Local journalism must see past the mists of its romantic self-vision.
The Valley Breeze is a notable standout in local journalism, with observable quality and dedication. Indeed, the fact that its chief editor, Ethan Shorey, spends hours each week actually delivering the paper has a back-to-our-roots feel that one can’t help but admire and encourage for the paper’s peers.
But zooming out to the whole industry, rather than that one example, the romance shouldn’t obscure big underlying problems. I have in mind these comments from Shorey:
“If we lose local news coverage, we’re doomed,” Shorey said. “People need to realize that having someone in the community, it connects people. It holds government accountable.”
“If we’re not there, nobody’s telling the story,” he added.
I don’t know how many people still buy that image of reporters’ being a connective tissue in the body politic. Yes, the gathering and dissemination of information is an important institution in a community, but it’s become too obvious that journalists pick sides, sometimes in proportion to their involvement with the community.
Shorey is correct to note that if journalists aren’t there, nobody’s telling important stories. For many of us, however, the experience has been that they often let some stories go untold, while amplifying others, for apparently political reasons. It is very easy — even to the point of being subconscious — for them to adjust the degree to which they hold government accountable based on which party or group happens to be in control.
In Tiverton, for example, elected officials are trampling all over the rights guaranteed under our town charter, but the only way anybody will ever know about it is if those of us in the opposition do the work of investigating, explaining, and promoting the facts. That’s partly our responsibility, to be sure, but the contrast with local journalists’ excitement at having someone to hold accountable for nothing when we held a narrow majority of one of the governing bodies is impossible to miss.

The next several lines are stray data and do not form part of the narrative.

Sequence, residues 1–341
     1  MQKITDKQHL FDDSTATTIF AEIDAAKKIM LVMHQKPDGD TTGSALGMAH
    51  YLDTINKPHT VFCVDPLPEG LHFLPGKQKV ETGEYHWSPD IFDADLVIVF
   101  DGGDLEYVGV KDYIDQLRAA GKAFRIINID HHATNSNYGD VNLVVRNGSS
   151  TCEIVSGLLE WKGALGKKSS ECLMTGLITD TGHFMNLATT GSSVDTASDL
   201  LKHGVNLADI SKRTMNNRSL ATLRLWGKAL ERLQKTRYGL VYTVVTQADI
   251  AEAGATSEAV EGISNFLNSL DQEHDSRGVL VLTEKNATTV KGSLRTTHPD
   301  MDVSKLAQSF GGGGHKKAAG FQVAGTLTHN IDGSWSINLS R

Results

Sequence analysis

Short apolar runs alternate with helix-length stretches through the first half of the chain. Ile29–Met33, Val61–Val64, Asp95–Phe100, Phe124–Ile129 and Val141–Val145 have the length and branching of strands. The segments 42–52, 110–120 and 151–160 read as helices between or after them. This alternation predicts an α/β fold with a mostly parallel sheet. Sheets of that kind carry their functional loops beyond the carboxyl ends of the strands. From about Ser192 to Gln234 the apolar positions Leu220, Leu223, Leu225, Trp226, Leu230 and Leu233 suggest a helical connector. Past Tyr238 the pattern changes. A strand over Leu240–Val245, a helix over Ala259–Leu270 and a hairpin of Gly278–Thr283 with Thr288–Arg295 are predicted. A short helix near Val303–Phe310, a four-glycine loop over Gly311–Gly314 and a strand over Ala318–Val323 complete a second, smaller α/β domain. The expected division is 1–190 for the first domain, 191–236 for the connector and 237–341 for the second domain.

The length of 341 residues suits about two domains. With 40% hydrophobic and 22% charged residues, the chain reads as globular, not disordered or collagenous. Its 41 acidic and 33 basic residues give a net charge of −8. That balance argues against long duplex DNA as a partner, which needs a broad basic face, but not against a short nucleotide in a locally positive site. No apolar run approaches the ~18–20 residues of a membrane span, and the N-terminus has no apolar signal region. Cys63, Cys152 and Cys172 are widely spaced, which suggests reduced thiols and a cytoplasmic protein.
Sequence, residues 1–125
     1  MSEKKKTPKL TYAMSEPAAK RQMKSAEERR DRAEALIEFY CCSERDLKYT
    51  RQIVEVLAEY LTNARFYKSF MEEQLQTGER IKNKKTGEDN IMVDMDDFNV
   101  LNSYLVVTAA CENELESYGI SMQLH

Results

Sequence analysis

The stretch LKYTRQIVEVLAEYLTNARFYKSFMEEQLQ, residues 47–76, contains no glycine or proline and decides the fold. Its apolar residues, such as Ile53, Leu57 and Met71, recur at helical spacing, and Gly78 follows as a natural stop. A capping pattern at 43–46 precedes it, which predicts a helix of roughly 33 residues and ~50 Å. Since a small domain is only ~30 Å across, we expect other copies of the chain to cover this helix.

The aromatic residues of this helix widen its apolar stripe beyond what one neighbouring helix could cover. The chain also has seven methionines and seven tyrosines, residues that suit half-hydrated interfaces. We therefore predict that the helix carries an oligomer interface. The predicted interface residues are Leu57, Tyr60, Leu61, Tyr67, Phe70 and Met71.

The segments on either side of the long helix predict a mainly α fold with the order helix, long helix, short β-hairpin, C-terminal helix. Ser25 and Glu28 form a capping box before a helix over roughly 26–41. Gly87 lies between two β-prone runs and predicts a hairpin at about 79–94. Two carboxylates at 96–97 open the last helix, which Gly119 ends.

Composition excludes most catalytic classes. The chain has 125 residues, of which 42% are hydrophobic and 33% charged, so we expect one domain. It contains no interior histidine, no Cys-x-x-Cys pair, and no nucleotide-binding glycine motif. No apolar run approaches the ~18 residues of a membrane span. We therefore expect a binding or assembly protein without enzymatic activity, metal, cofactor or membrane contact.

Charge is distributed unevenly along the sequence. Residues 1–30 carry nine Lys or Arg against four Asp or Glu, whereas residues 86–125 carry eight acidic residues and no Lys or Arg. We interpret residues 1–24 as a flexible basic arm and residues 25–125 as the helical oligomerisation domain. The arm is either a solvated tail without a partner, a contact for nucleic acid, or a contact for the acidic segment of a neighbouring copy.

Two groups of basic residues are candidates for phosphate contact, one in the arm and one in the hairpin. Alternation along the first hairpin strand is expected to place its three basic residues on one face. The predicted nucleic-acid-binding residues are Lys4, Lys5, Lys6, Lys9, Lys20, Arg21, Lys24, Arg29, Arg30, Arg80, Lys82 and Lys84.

I won’t claim to have conducted a study of the matter, but my impression in my neck of the woods is that a sizable portion of the community has simply stopped paying attention to — and contributing to — local media for that reason. The market for local journalism is small enough, as it is, without deciding that a much of your addressable community is simply not worthy of consideration while the other side isn’t deserving of scrutiny.
This atrophy is moving up to the statewide media, too. Every now and then, a news organization may make some noise about increasing its demographic diversity, but that’s an ideological move, not a market-driven one. I’ve seen no evidence that any of the major papers or networks is interested in taking steps to attract and reassure people who don’t share their left-moderate-to-progressive beliefs. There’s no outreach. There’s no dedicated beat or columnists. Nothing.
In fairness, they have reasonable concerns that key players and sources of information in the state might shut them out if they break ranks. But that goes right back to the dubious pretense that journalists are some sort of guardians of the people.
If the suits decide that they can’t take that risk in order to gain access to deplorables’ money (or the advertising their attention could sell), that’s their prerogative, but insisting that “people need to realize” their importance doesn’t address the reason they may be doomed.
Featured image by Roman Kraft on Unsplash.